Take the 2-minute tour ×
Mathematics Stack Exchange is a question and answer site for people studying math at any level and professionals in related fields. It's 100% free, no registration required.

Let $A\colon E\to E$ definied by $A(f)(x)= \int\limits_0^x f(t) dt$. I have to find the spectrum of $A$ in the cases $E=C[0,1]$ and $E=L_2[0,1]$. I have proved that $A$ has no eigenvalues, but I can't find full spectrum.

share|improve this question
1  
Right. What space are you working on? –  Jonas Teuwen Nov 21 '11 at 9:31
    
Sorry. I need to find spectrum in both $C[0,1]$ and $L_2[0,1]$. –  Philipp G. Sinicyn Nov 21 '11 at 9:34
6  
You can find an inverse of $A-a I$ by solving $g(x) = (\int^x f) - a f(x)$: differentiating gives an ode that you can solve explicitly, and then find an expression for $f$ even when the functions are not differentiable. –  Benoit Jubin Nov 21 '11 at 10:14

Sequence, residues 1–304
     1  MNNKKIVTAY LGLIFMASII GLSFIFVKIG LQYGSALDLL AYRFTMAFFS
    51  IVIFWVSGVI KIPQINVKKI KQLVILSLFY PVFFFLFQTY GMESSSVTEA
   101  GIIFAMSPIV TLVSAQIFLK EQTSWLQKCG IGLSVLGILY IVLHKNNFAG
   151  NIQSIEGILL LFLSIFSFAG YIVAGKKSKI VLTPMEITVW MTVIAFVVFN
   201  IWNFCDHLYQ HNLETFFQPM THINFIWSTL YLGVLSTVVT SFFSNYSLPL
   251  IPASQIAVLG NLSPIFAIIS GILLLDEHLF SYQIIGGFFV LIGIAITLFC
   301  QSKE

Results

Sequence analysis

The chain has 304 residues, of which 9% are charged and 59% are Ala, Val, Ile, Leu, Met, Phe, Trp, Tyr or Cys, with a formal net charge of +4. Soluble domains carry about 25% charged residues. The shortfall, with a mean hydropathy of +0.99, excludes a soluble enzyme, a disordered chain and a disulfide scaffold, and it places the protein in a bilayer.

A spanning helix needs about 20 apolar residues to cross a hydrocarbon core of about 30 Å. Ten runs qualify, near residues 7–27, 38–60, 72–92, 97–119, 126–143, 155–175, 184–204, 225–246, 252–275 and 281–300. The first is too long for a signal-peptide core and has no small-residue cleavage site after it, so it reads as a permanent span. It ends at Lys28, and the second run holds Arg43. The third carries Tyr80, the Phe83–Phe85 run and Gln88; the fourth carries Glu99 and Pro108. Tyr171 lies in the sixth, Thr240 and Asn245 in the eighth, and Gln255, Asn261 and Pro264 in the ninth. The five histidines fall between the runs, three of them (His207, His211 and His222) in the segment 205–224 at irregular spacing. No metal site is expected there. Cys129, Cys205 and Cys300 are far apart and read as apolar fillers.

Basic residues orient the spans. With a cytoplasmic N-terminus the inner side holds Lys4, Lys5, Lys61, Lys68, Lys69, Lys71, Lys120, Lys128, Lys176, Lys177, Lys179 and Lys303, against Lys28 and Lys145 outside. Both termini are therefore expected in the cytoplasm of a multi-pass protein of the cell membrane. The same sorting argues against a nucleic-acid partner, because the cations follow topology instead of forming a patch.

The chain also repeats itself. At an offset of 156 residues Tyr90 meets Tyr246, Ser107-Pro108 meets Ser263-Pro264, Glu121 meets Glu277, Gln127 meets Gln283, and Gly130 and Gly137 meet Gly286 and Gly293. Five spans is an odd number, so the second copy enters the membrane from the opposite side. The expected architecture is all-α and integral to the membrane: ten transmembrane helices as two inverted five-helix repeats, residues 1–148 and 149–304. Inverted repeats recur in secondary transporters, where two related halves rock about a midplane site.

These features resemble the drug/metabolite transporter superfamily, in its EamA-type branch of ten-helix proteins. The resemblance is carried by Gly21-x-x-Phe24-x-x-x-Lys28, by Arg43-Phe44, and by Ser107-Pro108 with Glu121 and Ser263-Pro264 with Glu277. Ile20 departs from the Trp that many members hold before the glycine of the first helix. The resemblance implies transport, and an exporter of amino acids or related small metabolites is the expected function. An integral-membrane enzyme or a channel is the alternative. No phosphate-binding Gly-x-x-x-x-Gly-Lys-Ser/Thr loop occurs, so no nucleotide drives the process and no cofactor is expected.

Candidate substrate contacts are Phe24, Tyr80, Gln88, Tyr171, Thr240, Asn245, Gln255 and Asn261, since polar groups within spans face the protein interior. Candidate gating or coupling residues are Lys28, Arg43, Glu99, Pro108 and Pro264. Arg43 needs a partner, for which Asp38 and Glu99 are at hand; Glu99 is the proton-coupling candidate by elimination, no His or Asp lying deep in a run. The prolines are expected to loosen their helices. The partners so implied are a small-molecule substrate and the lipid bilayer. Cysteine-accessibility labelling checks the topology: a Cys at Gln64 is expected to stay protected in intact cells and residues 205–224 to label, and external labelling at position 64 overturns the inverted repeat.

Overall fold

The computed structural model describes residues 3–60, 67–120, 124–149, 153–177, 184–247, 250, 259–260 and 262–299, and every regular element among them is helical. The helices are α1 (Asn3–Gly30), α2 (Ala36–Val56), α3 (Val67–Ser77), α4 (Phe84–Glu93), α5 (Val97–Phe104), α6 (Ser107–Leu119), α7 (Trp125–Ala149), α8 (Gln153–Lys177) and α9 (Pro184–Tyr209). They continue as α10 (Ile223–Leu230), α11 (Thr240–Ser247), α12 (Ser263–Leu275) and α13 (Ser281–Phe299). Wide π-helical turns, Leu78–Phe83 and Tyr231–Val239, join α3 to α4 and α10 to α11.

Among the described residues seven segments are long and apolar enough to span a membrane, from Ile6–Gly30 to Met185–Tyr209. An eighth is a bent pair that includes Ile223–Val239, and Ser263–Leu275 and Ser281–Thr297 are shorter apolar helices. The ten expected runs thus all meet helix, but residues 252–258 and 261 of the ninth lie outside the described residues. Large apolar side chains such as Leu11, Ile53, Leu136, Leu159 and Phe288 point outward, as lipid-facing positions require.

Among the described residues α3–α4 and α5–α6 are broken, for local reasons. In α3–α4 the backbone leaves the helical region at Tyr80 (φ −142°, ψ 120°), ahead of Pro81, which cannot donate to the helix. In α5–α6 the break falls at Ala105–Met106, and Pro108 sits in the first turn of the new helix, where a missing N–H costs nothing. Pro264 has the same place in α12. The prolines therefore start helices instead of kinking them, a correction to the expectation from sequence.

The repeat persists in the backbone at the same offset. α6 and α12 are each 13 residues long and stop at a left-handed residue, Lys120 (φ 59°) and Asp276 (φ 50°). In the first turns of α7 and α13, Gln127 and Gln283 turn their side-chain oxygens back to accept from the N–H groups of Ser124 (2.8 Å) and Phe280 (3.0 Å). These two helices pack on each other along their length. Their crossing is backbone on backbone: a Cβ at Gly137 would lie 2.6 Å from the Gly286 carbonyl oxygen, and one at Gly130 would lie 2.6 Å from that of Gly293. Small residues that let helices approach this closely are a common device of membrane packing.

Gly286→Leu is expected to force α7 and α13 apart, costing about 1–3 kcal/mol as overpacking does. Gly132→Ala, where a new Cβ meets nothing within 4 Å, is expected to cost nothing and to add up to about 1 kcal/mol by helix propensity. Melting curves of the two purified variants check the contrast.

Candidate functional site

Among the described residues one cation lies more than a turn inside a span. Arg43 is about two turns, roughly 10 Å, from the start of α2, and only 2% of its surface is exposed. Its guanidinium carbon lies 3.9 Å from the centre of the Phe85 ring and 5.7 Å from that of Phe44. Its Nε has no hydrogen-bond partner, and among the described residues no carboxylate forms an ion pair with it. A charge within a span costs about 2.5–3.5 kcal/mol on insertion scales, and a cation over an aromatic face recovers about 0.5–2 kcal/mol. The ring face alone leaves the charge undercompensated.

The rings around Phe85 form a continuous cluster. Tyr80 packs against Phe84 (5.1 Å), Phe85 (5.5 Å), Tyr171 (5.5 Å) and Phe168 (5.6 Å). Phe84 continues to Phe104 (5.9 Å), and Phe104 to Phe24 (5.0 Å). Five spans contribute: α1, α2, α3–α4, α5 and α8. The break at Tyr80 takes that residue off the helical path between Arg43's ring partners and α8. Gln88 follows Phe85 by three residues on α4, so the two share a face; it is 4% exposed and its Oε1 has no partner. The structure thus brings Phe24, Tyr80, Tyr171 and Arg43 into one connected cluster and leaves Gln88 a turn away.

1 Answer 1

The operator $A$ is compact in both cases (when $E=L_2[0,1]$ it is actually more, it is Hilbert-Schmidt and when $E=C[0,1]$ the compactness follows from Arzela-Ascoli), so any nonzero $\lambda\in \sigma(A)$ is an eigenvalue. If you have proven that there no nonzero eigenvalues, since $\sigma(A)$ is nonempty, then $\sigma(A)=\{0\}$.

The other way of doing it is to use Gelfand's result for the spectral radius, i.e., the limit $\lim_{n\rightarrow \infty}\|A^n\|^{1/n}$ exists and is identical to $\sup_{\lambda\in\sigma(A)}|\lambda|$. For example, if $E=C[0,1]$, then it is not hard to show that $\|A^n\|\leq \frac{1}{n!}$ and $\lim_{n\rightarrow \infty}\frac{1}{(n!)^{1/n}}=0$, so that the spectral radius is zero and hence $\sigma(A)=\{0\}$.

share|improve this answer

Your Answer

 
discard

By posting your answer, you agree to the privacy policy and terms of service.

Not the answer you're looking for? Browse other questions tagged or ask your own question.